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O-Zone: No comment

Posted Nov 29, 2017

JACKSONVILLE – Let’s get to it …

Al from Orange Park, FL:
I'm sure that it's some of both, but do you have any sense of how much of the run game issues are due to Leonard Fournette's ankle and how much is due to the missing offensive-line starters?
John: I’m getting this question a lot, and many people understandably see the two primary issues in the Jaguars’ current running struggles as rookie running back Leonard Fournette’s ankle injury and injuries to the offensive line. Both are certainly factors, and it does seem Fournette isn’t squeezing every last yard from every run by sheer will in recent weeks as he did early in the season. That’s a big factor because that was a big part of the Jaguars’ early offensive identity and effectiveness. But here’s a reality: the Jaguars haven’t been a “dominant” run offense this season – and that was true when they were effective at times in September and October. They got a good chunk of yards on two 50-plus runs by reserve running back Corey Grant from punt formation, and they got 165 yards on back-to-back runs by Fournette at the end of a victory over Pittsburgh and the beginning of a loss to the Los Angeles Rams. While they have been a good running team this season outside of those plays, there also have been stretches when they have struggled and depended a lot on Fournette to grind and will his way for yards; they also have been able to stick with the run for long stretches because they could count on the defense to keep them in games. Fournette, remember, is averaging 3.24 yards per carry if you take away the 90 and 85 yarders – and he has averaged more than four yards per carry in just three games this season. He never averaged four yards a rush in any of the first four games, and there have been few games this season when it felt as if the Jaguars were consistently reeling off runs and controlling the line of scrimmage. None of this is to say this team is not a good running team when everyone is healthy and the offense can play to its formula. It is to say that teams have stacked the box effectively against the Jaguars much of the season, and it’s not just injuries to the offensive line and Fournette that are contributing to the recent struggles.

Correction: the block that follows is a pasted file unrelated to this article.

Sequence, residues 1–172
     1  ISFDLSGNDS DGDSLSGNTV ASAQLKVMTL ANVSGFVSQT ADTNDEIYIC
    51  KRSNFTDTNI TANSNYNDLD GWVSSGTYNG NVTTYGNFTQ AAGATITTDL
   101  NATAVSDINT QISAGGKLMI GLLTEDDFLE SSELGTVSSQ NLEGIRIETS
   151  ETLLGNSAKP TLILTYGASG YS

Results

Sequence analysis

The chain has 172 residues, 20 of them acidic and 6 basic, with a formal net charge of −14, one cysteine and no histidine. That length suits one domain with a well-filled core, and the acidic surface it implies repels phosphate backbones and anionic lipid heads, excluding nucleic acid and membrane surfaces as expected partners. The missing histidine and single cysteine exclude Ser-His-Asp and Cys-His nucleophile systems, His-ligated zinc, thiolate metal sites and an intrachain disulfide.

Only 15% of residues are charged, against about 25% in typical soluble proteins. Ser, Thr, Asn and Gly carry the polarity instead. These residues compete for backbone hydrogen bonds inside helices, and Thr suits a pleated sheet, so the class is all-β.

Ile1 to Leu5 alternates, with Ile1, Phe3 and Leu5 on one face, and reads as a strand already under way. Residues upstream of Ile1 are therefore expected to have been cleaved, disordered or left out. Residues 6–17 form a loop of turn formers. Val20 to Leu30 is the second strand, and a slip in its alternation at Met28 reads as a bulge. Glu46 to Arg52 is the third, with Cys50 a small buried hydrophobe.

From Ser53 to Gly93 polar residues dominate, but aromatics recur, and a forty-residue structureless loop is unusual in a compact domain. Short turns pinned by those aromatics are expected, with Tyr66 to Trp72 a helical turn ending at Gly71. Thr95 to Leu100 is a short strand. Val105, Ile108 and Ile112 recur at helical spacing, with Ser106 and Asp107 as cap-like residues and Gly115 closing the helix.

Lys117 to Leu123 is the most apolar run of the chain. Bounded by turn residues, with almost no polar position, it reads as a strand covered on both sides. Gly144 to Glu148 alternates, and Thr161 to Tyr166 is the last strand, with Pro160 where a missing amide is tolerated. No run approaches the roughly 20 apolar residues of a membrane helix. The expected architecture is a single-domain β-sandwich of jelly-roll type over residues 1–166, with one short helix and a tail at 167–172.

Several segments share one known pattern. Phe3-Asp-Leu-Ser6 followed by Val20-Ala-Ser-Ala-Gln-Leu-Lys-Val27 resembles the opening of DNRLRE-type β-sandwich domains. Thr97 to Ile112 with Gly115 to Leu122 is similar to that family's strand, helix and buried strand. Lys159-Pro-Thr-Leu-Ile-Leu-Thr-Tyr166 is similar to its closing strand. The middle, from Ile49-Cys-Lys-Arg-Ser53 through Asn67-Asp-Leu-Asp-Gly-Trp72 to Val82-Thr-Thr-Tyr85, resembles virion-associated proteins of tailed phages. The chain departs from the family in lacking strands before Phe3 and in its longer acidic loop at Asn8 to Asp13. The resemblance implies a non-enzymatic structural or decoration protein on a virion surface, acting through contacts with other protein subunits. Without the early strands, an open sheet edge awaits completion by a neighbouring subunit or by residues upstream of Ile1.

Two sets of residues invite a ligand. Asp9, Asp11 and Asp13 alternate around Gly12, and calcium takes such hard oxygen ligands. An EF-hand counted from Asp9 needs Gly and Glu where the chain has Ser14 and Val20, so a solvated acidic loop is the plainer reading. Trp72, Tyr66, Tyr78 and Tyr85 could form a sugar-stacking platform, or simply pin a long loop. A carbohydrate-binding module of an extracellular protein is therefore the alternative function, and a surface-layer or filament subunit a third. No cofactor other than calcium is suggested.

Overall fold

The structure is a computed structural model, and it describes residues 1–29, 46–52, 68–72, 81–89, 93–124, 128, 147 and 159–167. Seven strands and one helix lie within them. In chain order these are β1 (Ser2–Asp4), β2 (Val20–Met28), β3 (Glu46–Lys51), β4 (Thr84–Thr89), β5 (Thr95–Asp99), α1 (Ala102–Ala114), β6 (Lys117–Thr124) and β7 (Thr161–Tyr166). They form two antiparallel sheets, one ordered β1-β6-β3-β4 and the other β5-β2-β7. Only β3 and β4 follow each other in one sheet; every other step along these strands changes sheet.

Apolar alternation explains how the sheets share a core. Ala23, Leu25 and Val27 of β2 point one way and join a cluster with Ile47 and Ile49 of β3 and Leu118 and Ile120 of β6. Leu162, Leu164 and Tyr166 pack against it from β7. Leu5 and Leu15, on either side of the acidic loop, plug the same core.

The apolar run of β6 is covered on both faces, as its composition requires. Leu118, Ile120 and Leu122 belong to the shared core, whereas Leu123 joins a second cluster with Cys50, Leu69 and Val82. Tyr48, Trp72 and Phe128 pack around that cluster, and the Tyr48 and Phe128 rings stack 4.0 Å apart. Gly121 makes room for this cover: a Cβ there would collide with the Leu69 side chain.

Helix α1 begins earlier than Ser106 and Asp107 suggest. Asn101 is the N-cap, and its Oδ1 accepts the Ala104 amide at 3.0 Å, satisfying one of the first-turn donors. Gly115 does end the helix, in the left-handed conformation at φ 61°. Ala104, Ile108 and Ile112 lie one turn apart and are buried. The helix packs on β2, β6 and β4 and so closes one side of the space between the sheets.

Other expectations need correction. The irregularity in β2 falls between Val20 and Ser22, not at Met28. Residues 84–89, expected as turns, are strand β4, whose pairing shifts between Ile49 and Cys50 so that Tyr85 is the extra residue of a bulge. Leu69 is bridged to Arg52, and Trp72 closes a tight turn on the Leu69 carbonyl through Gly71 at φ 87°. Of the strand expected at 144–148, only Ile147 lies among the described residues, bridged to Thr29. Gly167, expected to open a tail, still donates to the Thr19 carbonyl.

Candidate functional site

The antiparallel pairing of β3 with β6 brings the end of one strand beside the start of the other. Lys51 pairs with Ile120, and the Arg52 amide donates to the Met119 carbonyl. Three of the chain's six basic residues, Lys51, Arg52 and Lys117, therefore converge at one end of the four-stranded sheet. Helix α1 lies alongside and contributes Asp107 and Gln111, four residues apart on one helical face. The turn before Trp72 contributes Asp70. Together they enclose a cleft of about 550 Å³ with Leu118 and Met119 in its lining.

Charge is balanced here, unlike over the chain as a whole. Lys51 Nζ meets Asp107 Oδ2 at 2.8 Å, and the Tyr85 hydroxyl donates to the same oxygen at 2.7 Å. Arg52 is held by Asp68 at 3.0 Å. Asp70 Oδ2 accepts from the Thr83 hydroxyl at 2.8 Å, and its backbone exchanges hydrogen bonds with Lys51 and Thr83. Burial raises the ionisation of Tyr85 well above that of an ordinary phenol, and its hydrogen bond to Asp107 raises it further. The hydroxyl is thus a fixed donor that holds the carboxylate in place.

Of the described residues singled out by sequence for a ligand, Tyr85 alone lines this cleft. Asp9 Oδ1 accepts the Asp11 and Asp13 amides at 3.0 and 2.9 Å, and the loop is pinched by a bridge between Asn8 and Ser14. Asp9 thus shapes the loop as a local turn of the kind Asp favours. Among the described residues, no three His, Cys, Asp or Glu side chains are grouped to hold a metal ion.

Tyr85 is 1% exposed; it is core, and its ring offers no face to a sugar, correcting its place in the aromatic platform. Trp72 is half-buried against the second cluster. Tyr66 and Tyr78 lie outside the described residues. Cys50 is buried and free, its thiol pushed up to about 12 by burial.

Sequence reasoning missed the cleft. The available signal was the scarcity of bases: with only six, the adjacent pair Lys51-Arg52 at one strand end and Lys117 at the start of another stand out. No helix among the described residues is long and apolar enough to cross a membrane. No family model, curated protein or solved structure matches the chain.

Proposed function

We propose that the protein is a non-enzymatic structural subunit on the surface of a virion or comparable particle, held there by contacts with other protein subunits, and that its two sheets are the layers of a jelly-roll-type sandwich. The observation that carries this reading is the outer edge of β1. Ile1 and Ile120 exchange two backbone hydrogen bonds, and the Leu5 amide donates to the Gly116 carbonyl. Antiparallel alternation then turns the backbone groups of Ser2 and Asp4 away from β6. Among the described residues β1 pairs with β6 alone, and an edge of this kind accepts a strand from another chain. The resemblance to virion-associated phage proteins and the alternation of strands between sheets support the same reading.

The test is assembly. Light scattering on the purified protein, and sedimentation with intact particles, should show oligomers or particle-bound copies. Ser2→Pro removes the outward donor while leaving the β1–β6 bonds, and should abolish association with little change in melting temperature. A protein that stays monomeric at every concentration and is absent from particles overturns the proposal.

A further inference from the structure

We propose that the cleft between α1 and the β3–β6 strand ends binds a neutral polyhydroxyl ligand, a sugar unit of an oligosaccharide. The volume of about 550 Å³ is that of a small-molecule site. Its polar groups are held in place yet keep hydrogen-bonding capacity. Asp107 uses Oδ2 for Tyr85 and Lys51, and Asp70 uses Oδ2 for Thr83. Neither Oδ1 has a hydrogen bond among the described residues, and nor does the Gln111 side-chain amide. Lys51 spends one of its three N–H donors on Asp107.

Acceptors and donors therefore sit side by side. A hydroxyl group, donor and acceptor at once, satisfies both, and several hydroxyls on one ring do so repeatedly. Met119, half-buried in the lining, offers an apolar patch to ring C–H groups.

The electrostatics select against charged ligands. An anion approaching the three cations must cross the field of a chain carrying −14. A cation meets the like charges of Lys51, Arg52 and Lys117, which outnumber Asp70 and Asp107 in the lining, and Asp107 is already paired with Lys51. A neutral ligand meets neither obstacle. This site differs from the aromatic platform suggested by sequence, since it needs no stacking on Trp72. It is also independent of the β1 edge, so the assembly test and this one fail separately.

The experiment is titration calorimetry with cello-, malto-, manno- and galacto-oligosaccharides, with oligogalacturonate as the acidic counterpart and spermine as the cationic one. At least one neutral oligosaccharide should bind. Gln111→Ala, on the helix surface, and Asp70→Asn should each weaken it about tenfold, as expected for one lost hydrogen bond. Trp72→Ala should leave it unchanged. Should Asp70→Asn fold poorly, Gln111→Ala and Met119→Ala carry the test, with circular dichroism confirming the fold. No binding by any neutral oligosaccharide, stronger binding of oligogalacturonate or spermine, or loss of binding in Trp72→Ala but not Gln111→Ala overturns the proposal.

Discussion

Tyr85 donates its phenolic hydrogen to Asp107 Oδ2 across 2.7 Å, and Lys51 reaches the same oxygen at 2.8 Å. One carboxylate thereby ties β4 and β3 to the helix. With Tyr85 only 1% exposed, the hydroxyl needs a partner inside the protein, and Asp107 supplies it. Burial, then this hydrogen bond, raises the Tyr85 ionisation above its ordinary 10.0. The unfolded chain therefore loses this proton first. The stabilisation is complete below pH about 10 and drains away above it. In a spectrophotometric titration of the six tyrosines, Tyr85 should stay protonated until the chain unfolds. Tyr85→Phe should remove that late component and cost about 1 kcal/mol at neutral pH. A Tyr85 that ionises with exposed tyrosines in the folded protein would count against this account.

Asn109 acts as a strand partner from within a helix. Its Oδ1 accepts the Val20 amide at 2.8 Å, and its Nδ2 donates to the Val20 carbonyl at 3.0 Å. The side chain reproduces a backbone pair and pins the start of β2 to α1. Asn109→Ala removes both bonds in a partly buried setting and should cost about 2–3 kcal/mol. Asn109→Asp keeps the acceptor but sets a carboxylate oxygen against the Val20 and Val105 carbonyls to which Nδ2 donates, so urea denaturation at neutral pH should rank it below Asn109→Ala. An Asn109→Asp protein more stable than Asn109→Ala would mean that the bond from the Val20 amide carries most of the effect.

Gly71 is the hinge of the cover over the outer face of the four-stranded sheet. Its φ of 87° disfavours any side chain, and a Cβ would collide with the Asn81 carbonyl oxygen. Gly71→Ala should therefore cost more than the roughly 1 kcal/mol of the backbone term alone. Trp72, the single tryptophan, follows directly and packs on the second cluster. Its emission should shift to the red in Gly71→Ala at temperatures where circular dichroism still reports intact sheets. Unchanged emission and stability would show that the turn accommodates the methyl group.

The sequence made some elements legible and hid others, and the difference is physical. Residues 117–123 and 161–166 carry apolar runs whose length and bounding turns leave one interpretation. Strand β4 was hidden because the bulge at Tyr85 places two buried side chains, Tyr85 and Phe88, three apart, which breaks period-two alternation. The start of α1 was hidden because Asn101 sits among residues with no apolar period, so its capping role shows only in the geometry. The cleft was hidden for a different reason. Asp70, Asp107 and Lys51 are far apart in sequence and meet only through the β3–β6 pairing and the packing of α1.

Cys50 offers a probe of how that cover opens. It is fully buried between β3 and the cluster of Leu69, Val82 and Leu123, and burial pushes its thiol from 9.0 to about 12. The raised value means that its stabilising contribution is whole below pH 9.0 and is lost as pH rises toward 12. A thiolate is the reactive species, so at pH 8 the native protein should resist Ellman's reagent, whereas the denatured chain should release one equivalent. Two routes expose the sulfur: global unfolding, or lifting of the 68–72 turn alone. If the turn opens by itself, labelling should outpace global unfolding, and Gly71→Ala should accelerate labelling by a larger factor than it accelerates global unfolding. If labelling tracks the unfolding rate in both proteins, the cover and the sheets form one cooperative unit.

Tom from St. Augustine, FL:
Eli Manning. Do the Jaguars go get him?
John: The New York Giants’ decision to start Geno Smith over Eli Manning at quarterback this week is not only perplexing, it does raise legitimate questions about Manning’s future with the team. The first point to make is no team – Jaguars, included – can go get Manning until the offseason because the NFL trade deadline has passed. Would the Jaguars be logical for Manning next season if the Giants choose to move on from him this offseason? Sure: Jaguars Executive Vice President of Football Operations Tom Coughlin was Manning’s head coach with the New York Giants and the Jaguars have a playoff-caliber defense. The Jaguars would need to pass protect a lot better than they have this season for Manning to be effective, though; Blake Bortles’ mobility has prevented a lot of sacks, and Manning’s not going to do that. And Manning couldn’t have caught the balls that the Jaguars’ receivers have dropped. Bottom line: this is almost certainly going to be a hot topic among Jaguars observers for the foreseeable future, but there won’t likely be anything substantial discuss for months. So, discuss away, folks. Discuss away.
Jonathan from Jacksonville:
O, it is OK that you keep defending Blake. My question is this: After four years, is Bortles the franchise quarterback for this team? If he is not, then is it fair to say that this team will look for a quarterback starting next year instead of just being content at that position? Blake is mediocre at best.